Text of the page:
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Florida Man Shoots 17-Year-Old on Motorcycle

August 05, 20214 min read

What's Up Sheepdogs? Ryan here with Tampa Carry.

On August 26, 2019, a large group of motorcycles decided to create a rolling roadblock on U.S. 19 in Tarpon Springs, FL, while other members of the group performed stunts on the road.

One driver in a Mercedes was frustrated by this unlawful behavior, so he attempted to pass the group in the right-hand lane.

This made the bikers very upset, so they followed the driver for a few miles. When the driver of the Mercedes stopped at a red light, the 15 to 20 motorcycles surrounded the vehicle and started hitting his car.

What is the man in the Mercedes legally allowed to do according to Florida concealed carry laws? Let's ask ourselves the big questions.

The Big Questions

How Could This Situation Have Been Avoided? 

Hindsight's always 20-20, but if the Mercedes driver would have stayed behind the roadblock, this situation would not have escalated.

However, I'm the type of person who would go around the barrier, so my opinion doesn't mean very much. Besides just sitting back and allowing these bikers to rule the streets, there isn't much you can do to avoid this situation. 

What Self-Defense Options Could Have Been Used? 

The bikers have surrounded your vehicle at a red light. They're screaming, yelling, and kicking your vehicle.

Let me ask you: At this moment, how much danger you are in? Slim to none. Yes, this situation would be scary, but until someone breaks a window to enter, you aren't really in danger. 

Does This Scenario Fall Under the Castle Doctrine?

Florida Statutes 776.013 (4) A person who unlawfully and by force enters or attempts to enter a person's dwelling, residence, or occupied vehicle is presumed to be doing so with the intent to commit an unlawful act involving force or violence.

Was the attacker entering or attempting to enter an occupied vehicle? 

Is the attacker entering or attempting to enter unlawfully? 

Is the attacker entering or attempting to enter by force? 

Is the use of deadly force a reasonable response? 

In order for the castle doctrine to come into play, the bikers would have to be attempting to enter an occupied vehicle unlawfully and by force. Based on the news coverage of this story, it sounds like the bikers were kicking the car and screaming at the driver. They were not attempting to smash the windows to pull the driver out of his vehicle.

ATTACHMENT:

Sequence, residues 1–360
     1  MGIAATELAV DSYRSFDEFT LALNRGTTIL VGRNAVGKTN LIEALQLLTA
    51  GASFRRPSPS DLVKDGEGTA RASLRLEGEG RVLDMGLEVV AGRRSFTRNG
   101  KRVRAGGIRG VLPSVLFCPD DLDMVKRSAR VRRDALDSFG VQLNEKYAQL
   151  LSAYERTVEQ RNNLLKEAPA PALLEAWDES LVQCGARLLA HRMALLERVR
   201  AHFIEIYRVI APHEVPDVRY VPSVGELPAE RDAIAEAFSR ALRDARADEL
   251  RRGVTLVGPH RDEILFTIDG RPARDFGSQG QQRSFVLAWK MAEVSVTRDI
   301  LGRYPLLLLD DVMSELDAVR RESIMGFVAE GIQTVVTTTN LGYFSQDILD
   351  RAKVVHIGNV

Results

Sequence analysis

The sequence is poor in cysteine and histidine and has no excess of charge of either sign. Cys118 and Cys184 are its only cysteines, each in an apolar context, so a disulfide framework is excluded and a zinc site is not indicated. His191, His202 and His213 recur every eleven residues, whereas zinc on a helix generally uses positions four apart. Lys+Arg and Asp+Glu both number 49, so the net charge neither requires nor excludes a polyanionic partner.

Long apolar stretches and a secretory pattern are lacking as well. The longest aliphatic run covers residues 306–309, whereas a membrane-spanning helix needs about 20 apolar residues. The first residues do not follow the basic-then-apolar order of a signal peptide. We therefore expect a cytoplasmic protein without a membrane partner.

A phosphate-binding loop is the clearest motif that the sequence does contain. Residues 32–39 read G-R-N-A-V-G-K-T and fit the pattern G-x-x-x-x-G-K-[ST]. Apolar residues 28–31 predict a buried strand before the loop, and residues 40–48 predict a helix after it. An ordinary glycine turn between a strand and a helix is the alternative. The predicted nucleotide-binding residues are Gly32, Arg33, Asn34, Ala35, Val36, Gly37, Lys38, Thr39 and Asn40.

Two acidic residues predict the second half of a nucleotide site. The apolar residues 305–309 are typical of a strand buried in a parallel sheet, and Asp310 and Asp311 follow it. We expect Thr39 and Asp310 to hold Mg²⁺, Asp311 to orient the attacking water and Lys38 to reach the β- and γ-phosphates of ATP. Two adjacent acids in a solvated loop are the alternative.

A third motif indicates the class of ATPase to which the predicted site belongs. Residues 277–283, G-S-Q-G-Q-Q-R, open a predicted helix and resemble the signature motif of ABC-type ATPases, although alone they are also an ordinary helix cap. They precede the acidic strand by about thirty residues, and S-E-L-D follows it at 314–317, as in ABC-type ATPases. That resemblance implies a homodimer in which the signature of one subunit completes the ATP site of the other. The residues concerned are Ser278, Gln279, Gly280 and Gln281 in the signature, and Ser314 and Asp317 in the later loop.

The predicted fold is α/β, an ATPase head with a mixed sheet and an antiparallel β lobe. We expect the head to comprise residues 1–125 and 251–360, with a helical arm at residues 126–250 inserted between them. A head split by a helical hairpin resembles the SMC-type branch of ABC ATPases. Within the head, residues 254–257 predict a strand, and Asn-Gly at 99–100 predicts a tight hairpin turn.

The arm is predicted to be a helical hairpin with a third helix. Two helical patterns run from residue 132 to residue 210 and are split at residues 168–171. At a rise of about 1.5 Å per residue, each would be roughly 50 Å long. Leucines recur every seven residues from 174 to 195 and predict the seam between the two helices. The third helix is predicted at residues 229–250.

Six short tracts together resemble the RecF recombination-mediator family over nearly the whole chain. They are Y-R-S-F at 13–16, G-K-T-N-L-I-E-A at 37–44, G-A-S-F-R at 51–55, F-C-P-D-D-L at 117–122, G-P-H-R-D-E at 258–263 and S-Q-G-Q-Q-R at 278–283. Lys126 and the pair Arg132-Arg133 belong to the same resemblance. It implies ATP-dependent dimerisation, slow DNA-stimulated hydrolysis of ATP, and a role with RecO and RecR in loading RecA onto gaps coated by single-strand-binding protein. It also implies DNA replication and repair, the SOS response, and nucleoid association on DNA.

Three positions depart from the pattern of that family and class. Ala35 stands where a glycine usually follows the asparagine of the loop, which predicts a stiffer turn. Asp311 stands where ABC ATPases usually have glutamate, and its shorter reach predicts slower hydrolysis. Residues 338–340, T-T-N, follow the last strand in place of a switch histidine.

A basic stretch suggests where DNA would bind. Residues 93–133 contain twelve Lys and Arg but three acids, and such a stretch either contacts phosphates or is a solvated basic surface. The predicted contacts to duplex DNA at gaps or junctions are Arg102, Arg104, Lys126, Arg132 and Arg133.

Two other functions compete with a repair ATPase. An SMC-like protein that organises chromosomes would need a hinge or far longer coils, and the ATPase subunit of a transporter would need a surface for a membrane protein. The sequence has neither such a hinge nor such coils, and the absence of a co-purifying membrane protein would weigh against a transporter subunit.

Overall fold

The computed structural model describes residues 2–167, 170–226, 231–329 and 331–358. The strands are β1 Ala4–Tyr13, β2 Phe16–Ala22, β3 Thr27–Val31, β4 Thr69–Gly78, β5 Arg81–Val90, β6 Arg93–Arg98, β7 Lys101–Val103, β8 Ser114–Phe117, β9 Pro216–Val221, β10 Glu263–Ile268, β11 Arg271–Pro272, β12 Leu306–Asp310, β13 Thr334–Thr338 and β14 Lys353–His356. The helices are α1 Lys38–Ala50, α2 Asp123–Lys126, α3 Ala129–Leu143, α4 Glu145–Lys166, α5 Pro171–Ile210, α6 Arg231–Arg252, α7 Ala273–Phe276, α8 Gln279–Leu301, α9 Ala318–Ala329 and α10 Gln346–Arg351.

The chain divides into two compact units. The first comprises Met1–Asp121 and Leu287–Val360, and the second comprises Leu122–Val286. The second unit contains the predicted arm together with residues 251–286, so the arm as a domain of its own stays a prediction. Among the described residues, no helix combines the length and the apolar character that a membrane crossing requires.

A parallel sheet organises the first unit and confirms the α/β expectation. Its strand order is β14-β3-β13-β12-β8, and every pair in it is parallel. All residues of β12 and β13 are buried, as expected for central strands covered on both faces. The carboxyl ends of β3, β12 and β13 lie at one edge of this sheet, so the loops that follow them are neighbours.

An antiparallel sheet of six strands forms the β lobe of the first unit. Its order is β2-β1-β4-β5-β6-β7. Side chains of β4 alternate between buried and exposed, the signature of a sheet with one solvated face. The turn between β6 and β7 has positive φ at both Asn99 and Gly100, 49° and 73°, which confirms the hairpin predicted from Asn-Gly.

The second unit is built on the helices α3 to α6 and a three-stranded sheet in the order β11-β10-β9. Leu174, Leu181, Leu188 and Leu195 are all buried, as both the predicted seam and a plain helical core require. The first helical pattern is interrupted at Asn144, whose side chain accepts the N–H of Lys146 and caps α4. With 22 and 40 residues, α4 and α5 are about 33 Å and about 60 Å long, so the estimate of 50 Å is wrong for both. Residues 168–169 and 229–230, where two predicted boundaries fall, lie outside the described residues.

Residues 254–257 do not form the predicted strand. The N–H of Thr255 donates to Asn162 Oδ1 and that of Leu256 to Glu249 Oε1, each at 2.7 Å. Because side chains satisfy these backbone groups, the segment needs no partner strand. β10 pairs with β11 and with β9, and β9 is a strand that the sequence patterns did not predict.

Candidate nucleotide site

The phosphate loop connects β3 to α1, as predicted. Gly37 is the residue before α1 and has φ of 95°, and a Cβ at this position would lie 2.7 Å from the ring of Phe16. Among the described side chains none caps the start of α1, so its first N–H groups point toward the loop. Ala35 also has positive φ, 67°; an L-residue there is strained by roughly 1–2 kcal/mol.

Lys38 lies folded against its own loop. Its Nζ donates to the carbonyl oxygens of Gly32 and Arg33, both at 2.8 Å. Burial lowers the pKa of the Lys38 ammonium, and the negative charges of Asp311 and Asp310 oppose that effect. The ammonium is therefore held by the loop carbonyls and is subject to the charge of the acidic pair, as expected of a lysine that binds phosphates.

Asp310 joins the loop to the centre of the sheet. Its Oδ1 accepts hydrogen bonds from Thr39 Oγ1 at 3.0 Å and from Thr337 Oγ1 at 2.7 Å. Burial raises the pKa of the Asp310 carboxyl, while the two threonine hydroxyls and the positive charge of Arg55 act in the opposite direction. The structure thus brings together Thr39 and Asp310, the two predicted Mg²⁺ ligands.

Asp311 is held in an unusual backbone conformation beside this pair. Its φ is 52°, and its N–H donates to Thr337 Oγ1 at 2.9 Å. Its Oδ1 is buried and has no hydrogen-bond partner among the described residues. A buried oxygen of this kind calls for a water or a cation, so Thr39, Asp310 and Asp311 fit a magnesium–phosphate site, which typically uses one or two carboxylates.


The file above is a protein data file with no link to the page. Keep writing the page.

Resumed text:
Does This Scenario Fall Under the Justifiable Use of Force Statute?

Florida Statutes 776.012 (2) A person is justified in using or threatening to use deadly force if he or she reasonably believes that using or threatening to use such force is necessary to prevent imminent death or great bodily harm to himself or herself or another or to prevent the imminent commission of a forcible felony. 

Is it reasonable to believe that the Mercedes driver or his son were going to die within seconds?

Were they going to be the victims of great bodily harm?

Were they going to become the victims of a forcible felony within seconds?

The answer to all three of these questions is most certainly no. That would mean the use or threatened use of a firearm would not be justified in this situation under Florida concealed carry laws.

Where Is the Line in the Sand? 

Personally, my line in the sand would be if the bikers broke my window or were somehow able to get into my vehicle. Another line in the sand would be if the motorcyclists used or threatened to use a firearm against me. In either of these situations, I would have no other option but to use or threaten to use my gun.

The Rest Of The Story

The Mercedes driver and his 9-year-old son where surrounded by an angry mob of motorcycles. 

This man didn't know what to do, so he pulled out his firearm and fired four shots at the bikers, hitting a 17-year-old biker in the bicep. 

Currently, it doesn't appear that the state prosecutors' offices have elected to press charges against the Mercedes driver; however, this shouldn't be justification for his actions.

If this man had killed or severely injured someone, he would be in a whole lot of trouble.

Remember, our goal is to use as little force as necessary to keep ourselves and our family members safe. In my opinion, this driver overreacted by discharging his firearm.

That's all I have for today. So until next time keep training and stay safe...

Ryan G. Thomas

P.S. You’re one step away from getting your Florida concealed carry permit….FAST & EASY…

And for a limited time you can watch the concealed carry course online for free... Click here to get started...

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Ryan G. Thomas

Ryan believes a trained and aware citizen is the best way to minimize crime, victims and senseless acts of violence. Ryan is a veteran of the United States Air Force and a father of three beautiful children. Ryan and his wife Tiffany met while doing inner city ministry for Operation Explosion in Tampa 12 years ago. He is passionate about God, his family, and his community. Ryan has a passion for the 2nd amendment and believes all Americans should have the right and ability to protect themselves and their families.

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